The silly season and the nature of political parties

The country is in the middle of what some political pundits say is the “silly season” with the XVI Legislative Assembly dissolved and the Government in caretaker mode.

Some say that during the silly season stories of ‘lesser importance’ make headlines as Cabinet and Ministries are in caretaker mode with limited powers unable to make major policy decisions.

And unsurprisingly, rivals of the ruling Human Rights Protection Party (H.R.P.P.) have been quick to point that out on social media, jumping at every opportunity to comment on stories that suggest otherwise when quoting a Cabinet Minister in the current caretaker Government.

And it would be silly to think that stories of lesser stature made the press this week, as candidates and political parties go head-to-head in a high stakes battle that is being waged on social media.

You can already pick out the ‘big boys’ from the ‘small boys’ when it comes to the use of popular platforms such as Facebook and to a lesser extent, from a Samoan perspective, Twitter.

Probably, the silly season is only confined to the social media platforms, if the quality of some of the political commentary made on some of Samoa’s most popular Facebook pages are any indication.

But early this week the country’s newest political party Fa’atuatua i le Atua Samoa ua Tasi (F.A.S.T.) up the stakes in the battle for political supremacy, when its 52-member party caucus elected the former Deputy Prime Minister and uncontested Lotofaga candidate Fiame Naomi Mataafa the party leader.

Her election as party leader opens a new chapter in Flame’s long political career dating back to 1985 when she first entered politics, and puts her in the box to take on the country’s longest serving head of Government and caretaker Prime Minister Tuilaepa Dr. Sa'ilele Malielegaoi.

Analysis of commentary of the 2016 General Election pointed to a comfortable victory for Tuilaepa’s H.R.P.P. and that’s the way the cards fell at that time, to further entrench the power of the ruling party.

Fiame and F.A.S.T. party founder La’aulialemalietoa Leuatea Schmidt played a big part in the success of the ruling party over those years. 

But their widely publicised fallout with Tuilaepa over legislation and leadership style and their establishment of the F.A.S.T. party has changed the dynamics of this year’s General Election and leveled the playing field for opposition parties.

Amid the political campaigns and fiery debate mainly driven by H.R.P.P. Members on the floor of the last Parliament, until its dissolution last Wednesday, observers couldn’t help but notice the tone of the language used and the absence of decorum during the sessions over the six week period.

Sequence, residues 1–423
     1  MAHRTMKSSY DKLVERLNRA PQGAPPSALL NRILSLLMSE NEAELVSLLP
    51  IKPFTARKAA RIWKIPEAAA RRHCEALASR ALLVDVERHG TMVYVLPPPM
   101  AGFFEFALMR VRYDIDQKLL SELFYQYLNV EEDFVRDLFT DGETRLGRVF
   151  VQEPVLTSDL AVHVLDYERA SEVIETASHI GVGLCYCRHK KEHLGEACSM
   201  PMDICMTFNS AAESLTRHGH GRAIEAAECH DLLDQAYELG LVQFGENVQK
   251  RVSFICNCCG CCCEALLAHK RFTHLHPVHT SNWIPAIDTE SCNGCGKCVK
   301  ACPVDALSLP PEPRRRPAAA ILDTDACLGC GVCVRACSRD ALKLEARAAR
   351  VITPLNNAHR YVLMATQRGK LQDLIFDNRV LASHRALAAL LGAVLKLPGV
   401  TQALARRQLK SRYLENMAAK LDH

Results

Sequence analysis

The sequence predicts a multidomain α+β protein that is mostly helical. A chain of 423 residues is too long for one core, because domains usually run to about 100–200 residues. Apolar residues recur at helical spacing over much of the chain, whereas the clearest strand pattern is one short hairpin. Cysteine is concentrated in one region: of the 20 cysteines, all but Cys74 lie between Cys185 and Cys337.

Even former Attorney General and senior counsel, Taulapapa Brenda Heather-Latu recoiled at what she described as a “hostile, aggressive and abusive” environment fanned by legislators in Samoa’s highest law-making body, during discussions on women and political participation at the National University of Samoa on Monday.

Therefore, the words of congratulations that the caretaker Prime Minister passed on to his former deputy during his weekly programme on TV3 on Wednesday, is a breath of fresh air following weeks of emotionally charged political rhetoric.

"Of the four of them, Fiame is the best choice," said Tuilaepa. 

"We have worked with Fiame for a very long time, more than 30 years; since 1985 during Tofilau [Eti Alesana's] time, it has been 36 years.

"She is very knowledgeable."

But then we are reminded that the caretaker Prime Minister has been plying his trade as a politician for 40 years, and extra attention should be paid to his choice of words, especially when your own political fortunes are at stake.

What inclinations do you get when Tuilaepa says Fiame was the best pick to lead the F.A.S.T. party out of La’auli, Olo Fiti Vaai and Faumuina Wayne Fong when she was unanimously elected by the party’s membership?

It appears the veteran politician and caretaker head of Government has reached into his pocket and pulled out one of the oldest political strategies of ‘divide and rule’, in a bid to foment discord within the F.A.S.T. party ranks.

That is the nature of politics, even in democracies such as ours, where discord among the party faithful can lead to the disintegration of political parties. 

Ask Fiame and La’auli, they would know as former H.R.P.P. stalwarts, and would work to address any signs of discord and rebellion in their seven-month-old party.

Watching from the sidelines, eligible voters are only interested in the big picture issues of health, education, social development and equitable wealth and prosperity to drive the nation and its people forward. 

At the end of the day it should be about using political parties to promote the welfare of the people – not using the people to promote the interest of the party.

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